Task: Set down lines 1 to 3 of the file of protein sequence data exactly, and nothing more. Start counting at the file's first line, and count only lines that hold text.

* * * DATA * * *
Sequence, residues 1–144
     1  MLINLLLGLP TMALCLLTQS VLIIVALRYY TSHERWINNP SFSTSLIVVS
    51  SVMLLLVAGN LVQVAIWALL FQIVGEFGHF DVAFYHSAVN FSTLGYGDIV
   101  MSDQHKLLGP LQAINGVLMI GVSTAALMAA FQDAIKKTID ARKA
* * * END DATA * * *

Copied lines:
Sequence, residues 1–144
     1  MLINLLLGLP TMALCLLTQS VLIIVALRYY TSHERWINNP SFSTSLIVVS
    51  SVMLLLVAGN LVQVAIWALL FQIVGEFGHF DVAFYHSAVN FSTLGYGDIV